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Books & Reading: Great Reads for Year 10

Check here often for the latest information on anything to do with books and reading.

 

Books recommended by staff at BGS.  Click on each cover to read a review of the book.

 

 

Recommended by Amanda Hart

I loved this book as a young person.  It is about growing up and finding your place in the world.  The book also reveals much about real family life - all the challenges, and the support that those closest to you can offer.
 

Available in the Senior Library catalogue


 

 

Recommended by Samuel Finch

It’s a book I habitually return to. Death is a narrator confounded by the horrors of humanity. A subtle yet intensely satisfying read that explores a unique perspective on Nazi Germany.
 

Available in the Senior Library catalogue


 

 

Recommended by Jon Hodges

This book discusses the history of this country that we all should know. Pascoe is a celebrated author who has received accolades worldwide.

Available in the Senior Library catalogue


 

 

Recommended by Jenn Reed

Short stories. Every story is very different. Something for everyone in this book! It's one of my favourites of all time.

Available in the Senior Library catalogue


 

 

Recommended by Stephen Mitchell

As a kid I enjoyed 'fun fact' books. But the inner bookworm in me LOVED the book of fun facts about books! Well, not really books, but it goes all over the place. To this day, I live in hope I could be knighted as well!

 


 

 

Recommended by Greg Howes

The narrator of this novella takes the reader back through his memories as a young child in Montana when he witnessed his father, the town sheriff, decide whether or not to arrest his own brother.  Watson's well-crafted prose offers opportunities to appreciate how simple, clear writing gives access to complex, challenging ideas.

Available as an eBook


 

 

Recommended by Paul Kobez

I like Nick Earls' style and his easy-going approach to really recognisable stories of everyday Brisbane life. This one is about a high school student coming to the end of his schooling.  I've enjoyed using this novel in our Year 11 English course in the past, but I think many boys might enjoy it even more as own-choice reading, without having to do any assessment.

Available as an eBook


 

 

Recommended by Gus Robertson

Ember, a post-apocalyptic underground city is threatened by aging infrastructure and corruption. Lina Mayfleet, and her friend, Doon, follow clues left behind by the original builders of the City of Ember, to try and find safety in the outside world. An evocative story rich in ideas, conspiracy theories and plucky, smart protagonists fighting authority. The first book in the Books of Ember series.


Available in the Senior Library catalogue


 

 

Recommended by Michelle Ragen

In The Arsonist: A Mind on Fire, Chloe Hooper recounts the events surrounding one of the Black Saturday bushfires that was deliberately lit. Tragically, the bushfires resulted in the deaths of 173 people. This is a thoroughly researched, fascinating read that offers considered perspectives of all involved: the police; the families of the victims; Brendan Sokaluk - the man charged with lighting the fire; and Brendan Sokaluk’s family. It’s a real-life thriller enhanced by lyrical prose.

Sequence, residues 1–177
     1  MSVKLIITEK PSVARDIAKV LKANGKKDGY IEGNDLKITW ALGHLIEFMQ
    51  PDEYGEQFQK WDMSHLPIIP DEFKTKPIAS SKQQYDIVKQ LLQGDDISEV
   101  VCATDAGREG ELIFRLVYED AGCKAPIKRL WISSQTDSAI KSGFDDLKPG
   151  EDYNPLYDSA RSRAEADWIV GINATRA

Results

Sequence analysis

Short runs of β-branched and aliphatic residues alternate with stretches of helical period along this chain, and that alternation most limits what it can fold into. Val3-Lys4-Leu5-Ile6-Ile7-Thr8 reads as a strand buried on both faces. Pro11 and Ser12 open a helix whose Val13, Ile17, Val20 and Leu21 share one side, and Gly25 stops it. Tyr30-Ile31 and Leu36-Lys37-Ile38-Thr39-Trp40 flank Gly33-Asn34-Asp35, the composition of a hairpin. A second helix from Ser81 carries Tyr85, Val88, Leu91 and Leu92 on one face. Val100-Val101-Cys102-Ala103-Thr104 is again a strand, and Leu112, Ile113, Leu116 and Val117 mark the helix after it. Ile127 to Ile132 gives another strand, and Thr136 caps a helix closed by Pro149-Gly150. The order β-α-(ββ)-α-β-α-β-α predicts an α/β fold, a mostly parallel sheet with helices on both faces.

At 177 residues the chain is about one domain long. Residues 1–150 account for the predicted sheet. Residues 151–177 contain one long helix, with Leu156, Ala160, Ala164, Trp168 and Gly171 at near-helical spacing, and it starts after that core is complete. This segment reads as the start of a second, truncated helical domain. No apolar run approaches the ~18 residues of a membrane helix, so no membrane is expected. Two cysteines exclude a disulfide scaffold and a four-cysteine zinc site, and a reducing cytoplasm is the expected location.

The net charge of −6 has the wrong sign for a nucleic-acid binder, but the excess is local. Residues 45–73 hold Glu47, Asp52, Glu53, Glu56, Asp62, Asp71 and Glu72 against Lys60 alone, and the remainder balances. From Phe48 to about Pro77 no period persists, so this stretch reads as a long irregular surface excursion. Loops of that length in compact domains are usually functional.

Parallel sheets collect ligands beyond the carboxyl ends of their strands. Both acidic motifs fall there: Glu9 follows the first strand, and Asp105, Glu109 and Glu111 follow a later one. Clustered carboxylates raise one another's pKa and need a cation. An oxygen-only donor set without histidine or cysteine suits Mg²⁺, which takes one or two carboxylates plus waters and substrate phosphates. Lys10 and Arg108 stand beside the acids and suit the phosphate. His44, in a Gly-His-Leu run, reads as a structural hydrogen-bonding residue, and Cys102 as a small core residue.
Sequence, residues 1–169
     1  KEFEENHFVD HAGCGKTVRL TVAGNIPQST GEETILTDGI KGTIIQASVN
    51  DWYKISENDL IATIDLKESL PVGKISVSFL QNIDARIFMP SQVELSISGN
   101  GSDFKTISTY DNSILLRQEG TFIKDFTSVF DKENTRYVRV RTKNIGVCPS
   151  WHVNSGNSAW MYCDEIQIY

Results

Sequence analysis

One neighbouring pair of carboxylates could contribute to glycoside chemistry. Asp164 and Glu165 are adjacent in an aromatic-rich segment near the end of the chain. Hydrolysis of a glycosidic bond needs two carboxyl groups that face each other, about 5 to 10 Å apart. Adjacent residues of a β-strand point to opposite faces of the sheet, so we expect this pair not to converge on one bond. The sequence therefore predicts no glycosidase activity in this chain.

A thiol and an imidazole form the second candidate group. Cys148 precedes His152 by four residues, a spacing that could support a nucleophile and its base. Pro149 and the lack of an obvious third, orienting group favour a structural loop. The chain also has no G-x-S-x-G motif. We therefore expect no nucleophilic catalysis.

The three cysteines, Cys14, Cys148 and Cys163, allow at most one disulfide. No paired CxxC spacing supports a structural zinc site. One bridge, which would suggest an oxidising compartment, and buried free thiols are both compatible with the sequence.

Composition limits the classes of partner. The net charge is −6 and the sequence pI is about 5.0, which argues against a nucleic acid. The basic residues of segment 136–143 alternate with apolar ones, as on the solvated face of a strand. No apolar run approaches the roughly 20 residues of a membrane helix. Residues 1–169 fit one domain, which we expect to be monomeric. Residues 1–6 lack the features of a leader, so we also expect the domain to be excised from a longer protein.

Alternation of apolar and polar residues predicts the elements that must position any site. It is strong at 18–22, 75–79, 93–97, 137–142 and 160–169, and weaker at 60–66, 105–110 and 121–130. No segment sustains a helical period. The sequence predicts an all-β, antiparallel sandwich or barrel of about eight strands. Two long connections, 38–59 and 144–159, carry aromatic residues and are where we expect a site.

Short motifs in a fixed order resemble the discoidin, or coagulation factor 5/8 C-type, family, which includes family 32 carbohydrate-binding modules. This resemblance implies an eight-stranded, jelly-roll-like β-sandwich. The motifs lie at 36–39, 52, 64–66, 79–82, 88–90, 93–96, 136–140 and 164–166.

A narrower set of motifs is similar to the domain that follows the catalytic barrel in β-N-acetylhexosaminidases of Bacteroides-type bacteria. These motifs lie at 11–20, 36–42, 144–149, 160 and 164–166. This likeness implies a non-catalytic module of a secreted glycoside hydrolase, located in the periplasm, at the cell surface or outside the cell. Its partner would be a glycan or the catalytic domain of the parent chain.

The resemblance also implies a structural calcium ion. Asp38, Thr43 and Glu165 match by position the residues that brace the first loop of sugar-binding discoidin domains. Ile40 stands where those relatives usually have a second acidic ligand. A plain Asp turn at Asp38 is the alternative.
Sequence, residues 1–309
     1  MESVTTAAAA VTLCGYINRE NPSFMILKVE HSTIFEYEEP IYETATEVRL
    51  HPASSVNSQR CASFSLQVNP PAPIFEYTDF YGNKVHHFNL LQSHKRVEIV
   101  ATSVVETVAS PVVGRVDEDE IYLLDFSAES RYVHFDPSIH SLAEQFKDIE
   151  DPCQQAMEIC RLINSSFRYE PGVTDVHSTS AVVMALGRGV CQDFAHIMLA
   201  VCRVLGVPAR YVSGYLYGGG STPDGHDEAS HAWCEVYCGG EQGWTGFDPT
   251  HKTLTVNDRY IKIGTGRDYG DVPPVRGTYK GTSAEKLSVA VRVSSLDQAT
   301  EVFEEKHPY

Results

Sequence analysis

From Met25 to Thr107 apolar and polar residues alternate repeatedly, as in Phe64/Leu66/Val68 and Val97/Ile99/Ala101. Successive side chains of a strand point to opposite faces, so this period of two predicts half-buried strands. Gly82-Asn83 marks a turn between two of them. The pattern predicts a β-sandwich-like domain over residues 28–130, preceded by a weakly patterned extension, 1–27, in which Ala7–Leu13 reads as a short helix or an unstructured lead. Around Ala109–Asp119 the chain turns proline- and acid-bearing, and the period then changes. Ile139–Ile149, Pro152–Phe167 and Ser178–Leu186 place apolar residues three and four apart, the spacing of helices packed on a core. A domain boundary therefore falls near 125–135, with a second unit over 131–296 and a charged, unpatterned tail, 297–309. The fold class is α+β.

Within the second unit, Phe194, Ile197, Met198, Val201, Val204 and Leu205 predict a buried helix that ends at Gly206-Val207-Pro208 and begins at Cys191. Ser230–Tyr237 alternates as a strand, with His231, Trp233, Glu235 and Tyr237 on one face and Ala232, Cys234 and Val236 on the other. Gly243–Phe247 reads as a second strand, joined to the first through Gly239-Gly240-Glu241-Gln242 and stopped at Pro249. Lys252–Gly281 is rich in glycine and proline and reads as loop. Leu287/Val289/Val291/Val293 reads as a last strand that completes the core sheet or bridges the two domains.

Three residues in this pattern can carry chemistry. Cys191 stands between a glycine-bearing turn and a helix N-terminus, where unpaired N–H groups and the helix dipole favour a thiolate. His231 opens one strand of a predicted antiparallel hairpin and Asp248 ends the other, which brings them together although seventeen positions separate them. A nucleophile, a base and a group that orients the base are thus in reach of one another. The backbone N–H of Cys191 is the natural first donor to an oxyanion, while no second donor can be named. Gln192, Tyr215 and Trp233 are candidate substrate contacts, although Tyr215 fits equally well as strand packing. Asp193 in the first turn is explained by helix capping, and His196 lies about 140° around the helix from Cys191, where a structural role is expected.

Available in the Senior Library catalogue


 

 

Recommended by Daniel Ritchie

Most of our negative emotions are driven by a worst case scenario or a fear of failure. Whether it is academic, sporting performance or simply trying find your niche, this is a book I wish I read at school and during my playing career.  It looks at how we can process fear and purposefully channel that energy. Boys in Year 10 are starting to think about life beyond school, which can bring a level of stress and uncertainty for some. I believe this book ultimately helps you to discover how to be yourself. 
 

 


 

 

Recommended by Cathy Oxley

What if it was Ebola virus that jumped to humans and caused a pandemic in every country around the world rather than Coronavirus? In this incredible and alarming true story, Richard Preston details what happened in 1989 when a shipment of medical research monkeys, quarantined at a Reston facility just 24 km from the White House in Washington DC, developed what officials thought was Ebola virus. In a frantic effort to keep this information from the media and the general public, the CDC were at the same time unsure if the virus had escaped and infected staff sent in to capture, euthanise and destroy the animals. In this instance they were lucky, as Reston virus only kills monkeys.

 

Available in the Senior Library catalogue


 

 

Recommended by Sharee Verdon

De Botton offers an insightful way of applying different philosophies to navigating the complexities of living in the 21st century world.


 

 

Recommended by Andrew Kennedy

A machine is an inanimate object, so why can they seem to have "soul"?  This book looks at different vehicles, their creators, and all sorts of trivia along the way. This book has various humorous and informative chapters that can be read in any order. 
 

 


 

 

Recommended by Patrick Last

Haddon writes in the unique perspective of a 15 year old autistic boy who takes on a Sherlock Holmes-esque quest to uncover the curious murder of his neighbour's dog; the story is both emotional and humorous.